Using KfM's credentials cache with Krb5 1.3 on OS X 10.2.6

Sam Hartman hartmans at MIT.EDU
Wed Jul 23 13:51:45 EDT 2003

Hi.  I have been thinking about this more and realize that there is
probably a better approach.

Your current approach is problematic because you link an
implementation of the CCAPI RPC into the application.  However CCAPI
is specified at the API layer not at the RPC layer.

Instead, what you want to do is link against the system CCAPI
implementation.  Preferably you'd just link against the Kerberos

But you can't do that if you are a Kerberos implementation because you
wi/will have symbol conflicts.

What if you provide a library (preferably static) that has all the
CCAPI entry points.  When one of these entry points is called, that
library should  then dynamically open the Kerberos framework and
dynamically generate a reference to the appropriate entry point in the
system Kerberos framework.

This assumes that OSX has a mechanism for opening a framework without
 influencing the running application's namespace.  I suspect this is
 true because without this feature it is almost impossible to
 implement plugins that work.

I suspect the Heimdal developers would be very interested in such a
library..  I also suspect that maintaining such a library would be a
lot less effort than maintaining a bunch of patches.

That said, we are still a bit concerned about the support implications
for us.  In an ideal world, everyone would use the system Kerberos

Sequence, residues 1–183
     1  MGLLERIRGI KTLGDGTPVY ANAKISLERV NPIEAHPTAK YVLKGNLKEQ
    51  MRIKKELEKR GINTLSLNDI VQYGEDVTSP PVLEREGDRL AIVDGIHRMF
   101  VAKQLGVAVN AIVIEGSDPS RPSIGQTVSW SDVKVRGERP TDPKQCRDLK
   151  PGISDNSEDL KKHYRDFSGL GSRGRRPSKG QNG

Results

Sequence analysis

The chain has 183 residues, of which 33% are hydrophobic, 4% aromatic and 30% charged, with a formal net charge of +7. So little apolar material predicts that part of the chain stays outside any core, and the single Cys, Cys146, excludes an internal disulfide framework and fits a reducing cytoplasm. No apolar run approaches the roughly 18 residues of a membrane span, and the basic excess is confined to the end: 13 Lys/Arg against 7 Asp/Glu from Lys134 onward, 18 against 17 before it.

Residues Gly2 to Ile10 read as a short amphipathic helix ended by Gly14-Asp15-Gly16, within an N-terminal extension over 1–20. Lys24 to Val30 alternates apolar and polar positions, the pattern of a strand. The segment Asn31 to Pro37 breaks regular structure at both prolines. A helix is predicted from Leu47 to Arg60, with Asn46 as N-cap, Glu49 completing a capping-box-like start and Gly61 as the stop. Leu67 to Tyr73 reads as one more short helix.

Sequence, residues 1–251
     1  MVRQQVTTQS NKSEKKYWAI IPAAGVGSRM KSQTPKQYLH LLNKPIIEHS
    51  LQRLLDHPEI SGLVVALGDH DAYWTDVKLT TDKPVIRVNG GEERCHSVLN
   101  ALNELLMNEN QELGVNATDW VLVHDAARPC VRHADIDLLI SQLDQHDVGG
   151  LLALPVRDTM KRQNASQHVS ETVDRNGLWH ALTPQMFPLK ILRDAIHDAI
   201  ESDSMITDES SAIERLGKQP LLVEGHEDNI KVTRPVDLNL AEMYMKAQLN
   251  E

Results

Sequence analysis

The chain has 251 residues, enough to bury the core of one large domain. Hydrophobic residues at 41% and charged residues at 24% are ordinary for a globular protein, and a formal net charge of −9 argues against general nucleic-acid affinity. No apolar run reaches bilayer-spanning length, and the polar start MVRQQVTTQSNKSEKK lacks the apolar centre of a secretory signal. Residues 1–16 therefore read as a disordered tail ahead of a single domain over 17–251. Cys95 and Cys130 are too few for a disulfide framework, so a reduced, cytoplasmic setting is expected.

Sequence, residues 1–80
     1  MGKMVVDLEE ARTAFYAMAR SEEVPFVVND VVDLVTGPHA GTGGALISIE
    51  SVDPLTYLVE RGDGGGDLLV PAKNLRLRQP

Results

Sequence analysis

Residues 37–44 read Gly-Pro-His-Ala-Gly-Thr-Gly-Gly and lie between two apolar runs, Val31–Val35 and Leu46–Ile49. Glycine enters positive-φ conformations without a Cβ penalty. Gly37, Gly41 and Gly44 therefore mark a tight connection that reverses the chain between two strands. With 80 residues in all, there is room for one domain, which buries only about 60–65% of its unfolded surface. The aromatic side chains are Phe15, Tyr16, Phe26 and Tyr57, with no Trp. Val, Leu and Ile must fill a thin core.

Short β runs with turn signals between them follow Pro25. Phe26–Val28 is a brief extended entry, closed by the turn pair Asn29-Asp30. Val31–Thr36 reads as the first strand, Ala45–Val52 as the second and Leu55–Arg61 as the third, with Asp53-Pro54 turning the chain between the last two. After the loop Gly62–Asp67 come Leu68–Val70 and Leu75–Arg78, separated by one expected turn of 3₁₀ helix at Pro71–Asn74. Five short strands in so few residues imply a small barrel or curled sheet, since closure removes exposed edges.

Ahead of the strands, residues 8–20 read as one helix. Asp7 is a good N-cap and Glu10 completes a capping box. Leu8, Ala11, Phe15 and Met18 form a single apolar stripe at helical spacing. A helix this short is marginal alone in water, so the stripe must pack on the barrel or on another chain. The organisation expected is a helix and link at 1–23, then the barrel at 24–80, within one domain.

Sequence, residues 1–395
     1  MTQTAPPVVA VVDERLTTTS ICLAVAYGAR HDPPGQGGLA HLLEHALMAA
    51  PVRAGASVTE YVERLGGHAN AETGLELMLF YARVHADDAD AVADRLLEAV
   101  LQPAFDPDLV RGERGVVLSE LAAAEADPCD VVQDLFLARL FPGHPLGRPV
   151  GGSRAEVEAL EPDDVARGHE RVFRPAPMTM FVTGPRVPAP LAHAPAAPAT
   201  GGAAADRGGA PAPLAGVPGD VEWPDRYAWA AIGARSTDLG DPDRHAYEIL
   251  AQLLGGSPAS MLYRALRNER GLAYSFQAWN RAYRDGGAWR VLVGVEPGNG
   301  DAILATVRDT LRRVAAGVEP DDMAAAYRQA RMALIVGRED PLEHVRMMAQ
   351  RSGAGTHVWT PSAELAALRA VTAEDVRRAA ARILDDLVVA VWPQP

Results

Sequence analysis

framework and would get support from Apple.  We'd work with Apple.
There would be no other versions of Kerberos than that provided by the

There are a lot of reasons we don't (and cannot) live in that world.
So MIT still releases Kerberos and people besides OS vendors use our
Kerberos release.

But we don't want to be put in a position of supporting or being
expected to support anything for OSX other than KFM.  ANd we only want
that support to come through Apple.

So, please consider the support issues when you consider what you do.
I suspect we'll be more concerned with results than with waht you
actually do.  But here are some cases  that would definitely make us
unhappy if they happened:

1) If we get bug reports, spend a lot of time debugging them, and find
   they are bugs in your software rather than our software.  This is
   especially true if the bug report is phrased in a way that we don't
   even know your software is involved.  For example we would be
   frustrated if we got a bug report about Kerberos ssh not working,
   assumed it was a version shipped by Apple, and later found that it
   was something built against an unreleased version of krb5 using
   your ccache glue library.

2) Even if its clear that bugs aren't our problem, we'd be annoyed if
   many users think that reporting problems in components we don't
   distribute to us is appropriate.

3)  If some third party application ends up using some non-documented
    or non-public API and this usage makes it difficult to to change
    that API.  

4) If decisions by third-party software vendors make it harder for
4) Third party software should not get in the way of  users upgrading
4) their OS or Kerberos.

5) Problems in third-party software should not reflect badly on MIT or

However I certainly don't want to discourage you from discussing this
project on krbdev at or asking us questions about implementation
details on krbdev.  I also don't want to discourage any potential
users from discussing or asking about the project on
kerberos at


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